• Weak commercial building: “The non-residential building sector remained subdued and, abstracting from the surge in construction of educational facilities, new approvals were at relatively low levels.”
• Terms of trade surprise/challenges: “Developments in commodity markets meant that the increase in the terms of trade through 2010 was likely to be substantially larger than forecast in the February Statement on Monetary Policy. This implied strong growth in nominal incomes in the Australian economy over 2010. The increases in coal and iron ore prices, along with the developments in the LNG sector, were also contributing to a strong outlook for investment in the resources sector. Members noted that, while the Australian economy was benefiting significantly from developments in the resources sector, these would also pose challenges.

What is the importance of the economic data?
• The Reserve Bank releases minutes of its monthly Board meeting a fortnight after the event. The minutes give a guide to Reserve Bank thinking on interest rate settings.

What are the implications for interest rates and investors?
• There is a simple reason why the ACT is at the top of the state/territory economic rankings – it has handled the demands of a growing population and strong demand for housing. Other states and territories have addressed the problem differently, but less successfully. For more homes to be built, governments need to get back to the planning drawing board.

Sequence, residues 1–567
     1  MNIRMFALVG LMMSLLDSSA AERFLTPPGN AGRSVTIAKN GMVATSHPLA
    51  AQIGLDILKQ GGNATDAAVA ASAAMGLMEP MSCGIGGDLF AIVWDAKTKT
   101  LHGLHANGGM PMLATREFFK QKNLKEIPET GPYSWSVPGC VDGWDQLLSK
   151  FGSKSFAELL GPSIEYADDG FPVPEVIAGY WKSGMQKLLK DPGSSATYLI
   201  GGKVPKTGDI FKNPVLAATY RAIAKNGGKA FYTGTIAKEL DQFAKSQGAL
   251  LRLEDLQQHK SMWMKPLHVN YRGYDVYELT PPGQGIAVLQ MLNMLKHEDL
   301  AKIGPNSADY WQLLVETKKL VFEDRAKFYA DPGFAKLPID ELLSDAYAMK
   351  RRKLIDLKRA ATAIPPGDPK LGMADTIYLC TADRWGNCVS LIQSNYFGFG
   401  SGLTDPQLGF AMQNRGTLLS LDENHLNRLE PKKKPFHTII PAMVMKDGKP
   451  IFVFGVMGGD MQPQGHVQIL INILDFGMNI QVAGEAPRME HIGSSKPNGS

• Interest rates are destined to rise in coming months, but rate hikes should be less frequent given that the RBA is broadly back where it wants to be.


Source Craig James, Chief Economist, CommSec

Monday, April 5, 2010

Reserve Bank tipped to raise interest rates today

Home borrowers are expected to be hit with some bad news when the Reserve Bank of Australia (RBA) meets today.

Most economists predict the central bank will vote to raise rates by a quarter of a percentage point at its board meeting in Sydney.

A jump in the cash rate - from four per cent to 4.25 per cent - would see monthly repayments on an average $300,000 home loan rise by $50.

The news for borrowers is expected to get worse, with most experts expecting rates to climb to at least five per cent by Christmas.

This would add $200 a month to average home loan repayments.